I warned you about this before the election. I warned you that if you put Republicans in charge of Congress they would take the country hostage again over their extortion demands about government spending – they only do this when a Democrat is in the White House – and the MAGAts in control of Congress are willing to sabotage the U.S. economy and the world’s economy with it by defaulting on the national debt – in violation of the U.S. Constitution – by their refusal to raise the national debt ceiling. But did you listen? Noooo. The six Republicans you elected to Congress from Arizona were enough to give the GQP its slim majority in Congress.

Keep in mind that the national debt ceiling is for money already appropriated by Congress, not for new spending or future debt. This is for debt obligations already incurred. Deadbeat Republicans now want to default on U.S. debt obligations owed to some bond holders, but not to others.

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The New York Times reports, U.S. Will Hit Debt Limit on Thursday, Yellen Tells Congress:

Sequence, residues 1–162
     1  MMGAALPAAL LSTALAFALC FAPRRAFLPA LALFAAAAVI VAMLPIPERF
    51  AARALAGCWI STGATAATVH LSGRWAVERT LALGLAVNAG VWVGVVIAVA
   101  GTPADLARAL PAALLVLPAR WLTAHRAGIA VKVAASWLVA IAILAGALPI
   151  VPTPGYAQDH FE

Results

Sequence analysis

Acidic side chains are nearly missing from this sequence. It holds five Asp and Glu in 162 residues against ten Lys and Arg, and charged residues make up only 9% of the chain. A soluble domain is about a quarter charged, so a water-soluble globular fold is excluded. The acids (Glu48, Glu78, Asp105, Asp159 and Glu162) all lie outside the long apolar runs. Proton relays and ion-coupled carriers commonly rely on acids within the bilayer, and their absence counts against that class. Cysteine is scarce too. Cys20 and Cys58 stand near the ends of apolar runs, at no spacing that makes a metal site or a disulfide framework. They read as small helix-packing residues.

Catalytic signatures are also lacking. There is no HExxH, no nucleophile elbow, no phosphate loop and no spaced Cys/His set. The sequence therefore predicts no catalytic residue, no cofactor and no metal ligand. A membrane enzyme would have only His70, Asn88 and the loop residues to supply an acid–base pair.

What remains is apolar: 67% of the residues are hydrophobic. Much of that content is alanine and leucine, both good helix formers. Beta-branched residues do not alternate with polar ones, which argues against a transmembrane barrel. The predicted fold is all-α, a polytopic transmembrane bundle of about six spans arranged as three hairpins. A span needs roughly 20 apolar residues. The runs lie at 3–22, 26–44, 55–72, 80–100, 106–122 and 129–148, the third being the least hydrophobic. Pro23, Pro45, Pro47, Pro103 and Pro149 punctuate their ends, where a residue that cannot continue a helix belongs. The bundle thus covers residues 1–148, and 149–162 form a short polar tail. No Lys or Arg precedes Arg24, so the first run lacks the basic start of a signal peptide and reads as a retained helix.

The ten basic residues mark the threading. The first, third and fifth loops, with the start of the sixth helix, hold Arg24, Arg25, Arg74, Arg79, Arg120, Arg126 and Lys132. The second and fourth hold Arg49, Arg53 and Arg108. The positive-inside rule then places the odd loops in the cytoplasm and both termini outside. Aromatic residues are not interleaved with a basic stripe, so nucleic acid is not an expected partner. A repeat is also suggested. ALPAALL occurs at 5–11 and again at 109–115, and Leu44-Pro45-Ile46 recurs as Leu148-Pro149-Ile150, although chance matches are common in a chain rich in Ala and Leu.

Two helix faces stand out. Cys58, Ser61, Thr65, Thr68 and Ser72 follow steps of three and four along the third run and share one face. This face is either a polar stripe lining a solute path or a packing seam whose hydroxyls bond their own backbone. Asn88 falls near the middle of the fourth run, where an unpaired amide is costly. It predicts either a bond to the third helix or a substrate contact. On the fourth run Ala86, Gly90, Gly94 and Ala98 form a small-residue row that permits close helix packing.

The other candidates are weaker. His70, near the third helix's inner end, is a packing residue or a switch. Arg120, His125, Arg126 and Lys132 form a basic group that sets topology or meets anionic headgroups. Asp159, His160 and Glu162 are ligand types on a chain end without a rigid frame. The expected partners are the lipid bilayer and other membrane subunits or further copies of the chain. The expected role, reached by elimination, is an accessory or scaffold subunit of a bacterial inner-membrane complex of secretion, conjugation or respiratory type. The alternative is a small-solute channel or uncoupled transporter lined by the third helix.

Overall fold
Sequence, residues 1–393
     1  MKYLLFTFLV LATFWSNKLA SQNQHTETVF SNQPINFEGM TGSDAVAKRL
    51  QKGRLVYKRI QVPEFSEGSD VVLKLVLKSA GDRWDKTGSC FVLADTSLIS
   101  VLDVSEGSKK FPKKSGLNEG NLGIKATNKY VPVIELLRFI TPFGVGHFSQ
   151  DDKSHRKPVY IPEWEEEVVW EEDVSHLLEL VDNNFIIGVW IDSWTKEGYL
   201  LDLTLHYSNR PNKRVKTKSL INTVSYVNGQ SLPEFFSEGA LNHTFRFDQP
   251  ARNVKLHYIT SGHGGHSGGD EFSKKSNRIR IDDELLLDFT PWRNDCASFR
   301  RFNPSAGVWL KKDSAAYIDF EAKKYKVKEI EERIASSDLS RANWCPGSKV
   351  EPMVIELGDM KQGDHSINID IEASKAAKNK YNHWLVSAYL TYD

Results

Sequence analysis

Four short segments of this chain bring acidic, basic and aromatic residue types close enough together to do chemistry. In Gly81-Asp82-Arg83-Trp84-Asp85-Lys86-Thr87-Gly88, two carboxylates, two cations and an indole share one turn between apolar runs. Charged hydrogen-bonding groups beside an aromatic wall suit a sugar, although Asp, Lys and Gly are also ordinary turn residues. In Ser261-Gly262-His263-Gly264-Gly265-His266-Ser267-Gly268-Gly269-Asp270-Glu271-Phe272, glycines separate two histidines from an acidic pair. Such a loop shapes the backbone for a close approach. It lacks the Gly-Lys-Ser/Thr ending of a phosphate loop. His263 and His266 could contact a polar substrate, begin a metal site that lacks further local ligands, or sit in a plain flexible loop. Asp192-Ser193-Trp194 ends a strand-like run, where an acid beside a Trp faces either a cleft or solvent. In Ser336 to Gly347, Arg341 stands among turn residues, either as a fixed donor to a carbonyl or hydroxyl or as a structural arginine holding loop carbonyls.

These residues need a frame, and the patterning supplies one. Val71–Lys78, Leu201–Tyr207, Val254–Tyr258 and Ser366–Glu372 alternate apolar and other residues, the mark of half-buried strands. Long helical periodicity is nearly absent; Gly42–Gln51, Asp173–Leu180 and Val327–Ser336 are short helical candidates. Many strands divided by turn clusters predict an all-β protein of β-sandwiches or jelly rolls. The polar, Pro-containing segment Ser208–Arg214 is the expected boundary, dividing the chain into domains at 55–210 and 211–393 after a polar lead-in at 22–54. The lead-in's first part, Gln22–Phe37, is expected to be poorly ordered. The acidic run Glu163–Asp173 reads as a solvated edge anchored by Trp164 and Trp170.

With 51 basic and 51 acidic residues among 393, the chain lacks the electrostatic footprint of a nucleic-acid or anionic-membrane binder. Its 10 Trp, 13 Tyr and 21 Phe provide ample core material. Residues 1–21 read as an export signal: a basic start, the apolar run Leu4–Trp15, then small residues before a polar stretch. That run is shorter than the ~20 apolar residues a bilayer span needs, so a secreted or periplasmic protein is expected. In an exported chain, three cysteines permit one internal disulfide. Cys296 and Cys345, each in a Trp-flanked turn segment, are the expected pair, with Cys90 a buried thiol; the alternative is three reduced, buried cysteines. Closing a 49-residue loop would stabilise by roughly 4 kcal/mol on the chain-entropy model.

Treasury Secretary Janet L. Yellen warned on Friday that she would have to begin employing “extraordinary measures” on Thursday to continue paying the nation’s bills if lawmakers did not act to raise the statutory debt limit and that her powers to delay a default could be exhausted by early June.

Ms. Yellen’s letter to Congress was the first sign that resistance by House Republicans to lifting the borrowing cap could put the U.S. economy at risk and signals the beginning of an intense fight in Washington this year over spending and deficits.

“Failure to meet the government’s obligations would cause irreparable harm to the U.S. economy, the livelihoods of all Americans and global financial stability,” Ms. Yellen wrote.

Ms. Yellen said on Friday that considerable uncertainty surrounded how long she could use extraordinary measures to delay a default. She said she would begin suspending new investments in the Civil Service Retirement and Disability Fund and the Postal Service Retiree Health Benefits Fund and suspending reinvestment of the Government Securities Investment Fund of the Federal Employees Retirement System Thrift Savings Plan this month to avoid breaching the debt limit.

The letter is the beginning of what is expected to be a protracted and potentially damaging economic fight. Republicans, who assumed control of the House last week, have insisted that any increase to the debt limit be accompanied by significant spending curbs, most likely including cuts to both the military and domestic issues.